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“In Q1 2020, venture capital firms deployed over $4.0 billion of fresh capital into 148 deals for artificial intelligence companies. The data shows that strategic and financial investors are looking for companies that are combining emerging, connected and smart technologies to digitally transform their industry.”

Technology innovation in artificial intelligence (AI) is accelerating at a breakneck pace, and the ability to innovate, adopt and integrate AI techniques to evolve business models will separate those businesses that recover from the COVID-19 pandemic from those that will fail. Four artificial intelligence technologies are poised to lead the global economy out of the pandemic-induced recession. Applications for these technologies across verticals abound. Smart strategic and financial investors are scouring the market for new ways to digitally disrupt established businesses.

Professors Andreas Kaplan and Michael Haenlein have defined AI as “a system’s ability to correctly interpret external data, to learn from such data, and to use those learnings to achieve specific goals and tasks through flexible adaptation.” Others dismiss artificial intelligence as just that: artificial, and not intelligent at all.

To leverage AI, software and hardware engineers program agents into devices that can perceive their environment and take actions to achieve specified endpoints, or at least increase the probability of success. Some of the tools for AI include search and optimization, logic, probability-based methods, statistical-based methods, neural networks, and evaluation.

The surge in development of AI over the past decade has been enabled by exponential advances in computer power, at the same time as devices that capture unfathomable quantum of data proliferate throughout the enterprise and consumer economies. Software and hardware engineers have increasingly leveraged AI as the natural tool to connect these two worlds and solve problems and automate solutions. Advancements in AI have increasingly been driving disruption and creating new business models. As we experience a global pandemic and strive to adapt to the “new normal,” artificial intelligence will only accelerate.

Throughout the COVID-19 pandemic, the importance of sharing critical information across countries about the spread of coronavirus has been emphasized. However, much remains unsaid about how COVID-19 could have been managed more efficiently by using advanced data technologies that have transformed businesses.

Here are four areas where AI could change the face of the post-COVID economy:

Augmented Analytics

Now more than ever, data scientists have immense amounts of information to analyze. This makes exploring every single possibility virtually impossible, and businesses can easily miss important insights. So, as data scientists use automated algorithms to explore more hypotheses, augmented analytics represents a fourth wave for data and analytics capabilities. As of late, data science and machine learning platforms have completely transformed how businesses generate analytics insight, while augmented analytics identify key hidden patterns.

Augmented analytics is the use of enabling technologies such as AI to assist with data preparation, insight generation, and insight explanation to increase how people explore and analyze data in analytics and B.I. platforms. As we launch into this new decade, the number of citizen data scientists is likely to grow 5x faster than professional data scientists because businesses will need citizen data scientists to scale data science capabilities. Between data scientists and augmented analytics, data insights will broadly be available across the business, including analysts, decision-makers, and operations workers this year.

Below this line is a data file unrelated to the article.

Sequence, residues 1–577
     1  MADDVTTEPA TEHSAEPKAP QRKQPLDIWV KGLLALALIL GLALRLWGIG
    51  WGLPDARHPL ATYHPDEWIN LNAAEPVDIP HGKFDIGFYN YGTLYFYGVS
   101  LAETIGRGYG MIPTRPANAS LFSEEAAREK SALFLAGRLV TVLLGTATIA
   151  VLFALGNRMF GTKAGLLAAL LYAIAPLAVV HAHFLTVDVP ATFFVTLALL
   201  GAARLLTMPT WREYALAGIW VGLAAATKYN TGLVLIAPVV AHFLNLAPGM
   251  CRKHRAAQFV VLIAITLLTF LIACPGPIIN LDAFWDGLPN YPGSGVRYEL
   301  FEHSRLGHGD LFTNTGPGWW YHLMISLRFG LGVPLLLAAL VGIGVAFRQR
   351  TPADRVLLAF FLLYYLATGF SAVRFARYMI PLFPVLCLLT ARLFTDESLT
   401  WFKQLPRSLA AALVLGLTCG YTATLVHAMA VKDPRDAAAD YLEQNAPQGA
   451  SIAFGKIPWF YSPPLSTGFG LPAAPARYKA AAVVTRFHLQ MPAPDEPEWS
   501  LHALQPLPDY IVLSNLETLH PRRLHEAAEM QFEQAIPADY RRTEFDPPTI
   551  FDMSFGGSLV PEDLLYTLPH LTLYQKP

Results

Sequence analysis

As this pandemic drags on, businesses will have to pivot their strategies and figure out how to keep a healthy cash flow. How much cash is required to see a business through the next 12 months? By utilizing the power of compiled company data, companies can create cash flow simulations, plan business operations, and liquidity analysis to get a clear picture of future financial capabilities.

Data can help businesses streamline internal operations and look productivity through analysis, measuring the time individual and collective tome invested in meetings and tasks and compare and contrast this data to pre-pandemic performance. Are employees doing better than before? What factors might be able to improve productivity?


Blockchain is a unique technology made up of a decentralized, distributed, and often public digital ledger. The ledger is used to record transactions across so many computers that a recorded transaction could not be altered retroactively, at least not without the alteration of all subsequent blocks. It allows businesses to trace a transaction and work with untrusted parties without the need for a centralized party. Blockchain reduces business friction and has applications that began in finance, but have expanded to government, healthcare, manufacturing, supply chain, and more.

Blockchain during this pandemic is being used in many ways. The U.S. Department of Homeland Security (DHS) published guidelines listing blockchain managers in food and agricultural distribution as ‘critical infrastructure workers. The Cybersecurity and Infrastructure Security Agency has developed an initial list of sectors and workers who should continue their regular schedule. Healthcare blockchains are being developed with a focus on patient data management, insurance, worker credentialing, and other data.

While blockchain is often criticized for sacrificing efficiency for security, AI can optimize energy consumption by improving algorithms. Reducing the consumption of energy for blockchain transactions benefits all of the industries that rely on it for data transfer and supply-chain management, and fosters mainstream adoption. AI also reduces the storage needs for blockchain transactions. AI introduces new sharing techniques that make the size of the blockchains smaller and their storage more efficient.

Empowered Edge